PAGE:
Why did this fiction need to be established? Because the myth of Muslims being ‘unIndian’ has to be perpetuated at any cost. Loyalty tests usually involving Vande Mataram and denunciations of Pakistan have become the fashion, as the district magistrate of Bareily lamented recently in a Facebook post. This then becomes a license to engage in violence.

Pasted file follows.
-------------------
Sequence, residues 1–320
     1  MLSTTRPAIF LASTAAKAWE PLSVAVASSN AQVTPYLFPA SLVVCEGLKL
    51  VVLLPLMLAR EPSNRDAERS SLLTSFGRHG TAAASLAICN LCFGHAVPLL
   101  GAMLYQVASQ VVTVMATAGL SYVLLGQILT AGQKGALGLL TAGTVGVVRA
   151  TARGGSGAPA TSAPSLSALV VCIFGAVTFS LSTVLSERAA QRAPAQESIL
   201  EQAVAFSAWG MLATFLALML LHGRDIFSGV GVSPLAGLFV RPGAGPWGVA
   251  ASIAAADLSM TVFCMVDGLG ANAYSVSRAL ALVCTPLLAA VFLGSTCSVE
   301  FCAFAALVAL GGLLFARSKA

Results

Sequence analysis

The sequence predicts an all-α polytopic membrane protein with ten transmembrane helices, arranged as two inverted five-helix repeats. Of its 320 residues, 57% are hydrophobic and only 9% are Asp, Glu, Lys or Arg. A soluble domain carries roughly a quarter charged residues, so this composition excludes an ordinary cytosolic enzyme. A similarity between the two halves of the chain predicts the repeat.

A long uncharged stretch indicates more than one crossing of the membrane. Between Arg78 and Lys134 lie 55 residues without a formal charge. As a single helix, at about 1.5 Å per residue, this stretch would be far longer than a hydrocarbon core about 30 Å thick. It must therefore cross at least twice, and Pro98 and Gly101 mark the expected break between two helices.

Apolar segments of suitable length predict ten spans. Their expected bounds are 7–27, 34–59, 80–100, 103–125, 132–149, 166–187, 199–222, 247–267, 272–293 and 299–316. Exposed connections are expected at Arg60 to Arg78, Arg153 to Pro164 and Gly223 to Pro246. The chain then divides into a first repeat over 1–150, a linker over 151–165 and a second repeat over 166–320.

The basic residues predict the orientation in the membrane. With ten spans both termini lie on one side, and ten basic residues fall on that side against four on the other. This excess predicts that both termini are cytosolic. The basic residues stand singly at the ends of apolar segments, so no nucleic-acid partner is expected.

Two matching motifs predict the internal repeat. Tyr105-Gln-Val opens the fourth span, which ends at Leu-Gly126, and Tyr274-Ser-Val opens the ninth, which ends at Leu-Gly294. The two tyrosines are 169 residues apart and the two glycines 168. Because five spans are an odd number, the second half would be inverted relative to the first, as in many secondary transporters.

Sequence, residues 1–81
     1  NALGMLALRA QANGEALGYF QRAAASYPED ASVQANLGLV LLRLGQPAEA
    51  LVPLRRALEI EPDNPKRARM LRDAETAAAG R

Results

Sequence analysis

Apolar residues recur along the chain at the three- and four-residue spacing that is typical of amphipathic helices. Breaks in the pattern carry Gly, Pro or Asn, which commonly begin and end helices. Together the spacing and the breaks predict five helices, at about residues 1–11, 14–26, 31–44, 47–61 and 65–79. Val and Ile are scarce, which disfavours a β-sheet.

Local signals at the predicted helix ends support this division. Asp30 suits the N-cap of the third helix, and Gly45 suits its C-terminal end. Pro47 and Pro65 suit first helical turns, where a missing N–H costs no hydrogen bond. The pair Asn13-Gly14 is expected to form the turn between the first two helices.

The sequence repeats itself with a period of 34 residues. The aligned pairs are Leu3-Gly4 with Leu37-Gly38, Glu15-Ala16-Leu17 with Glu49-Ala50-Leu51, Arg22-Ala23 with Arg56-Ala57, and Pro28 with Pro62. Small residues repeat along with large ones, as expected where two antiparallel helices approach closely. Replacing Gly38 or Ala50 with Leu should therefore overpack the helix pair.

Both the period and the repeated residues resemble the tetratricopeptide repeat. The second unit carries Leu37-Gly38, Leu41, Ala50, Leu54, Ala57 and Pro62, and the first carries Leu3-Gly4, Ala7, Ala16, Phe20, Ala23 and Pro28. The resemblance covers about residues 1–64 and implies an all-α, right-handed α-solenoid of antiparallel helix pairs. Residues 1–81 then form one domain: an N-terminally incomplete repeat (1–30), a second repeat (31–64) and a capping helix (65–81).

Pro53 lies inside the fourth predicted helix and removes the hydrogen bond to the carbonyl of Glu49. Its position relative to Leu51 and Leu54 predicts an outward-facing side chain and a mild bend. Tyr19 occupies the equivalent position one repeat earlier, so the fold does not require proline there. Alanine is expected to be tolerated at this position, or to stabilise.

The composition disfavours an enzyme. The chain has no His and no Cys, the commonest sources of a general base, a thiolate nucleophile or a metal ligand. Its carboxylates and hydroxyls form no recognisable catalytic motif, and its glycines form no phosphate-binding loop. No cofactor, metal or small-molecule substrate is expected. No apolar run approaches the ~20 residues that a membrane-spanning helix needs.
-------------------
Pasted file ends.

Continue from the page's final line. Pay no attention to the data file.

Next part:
What is more worrying is the fact that while the rioters pillaged the city, the police swung into action only when it was no longer possible to further extend the covert licence they had given. Earlier, despite an alert security arrangement during the Republic Day celebrations, the police had no time to check that the VHP and ABVP were taking out their rally without permission. The administration ought to have been especially alert given that the parent organisation of those carrying out the rally had a long-standing aversion to the tricolour, even calling it inauspicious when it was first adopted by independent India. By refusing to wait for the flag to be hoisted at Abdul Hameed Chowk, the organisations once again proved that there is a malicious intent behind their false claims of loyalty to the national flag.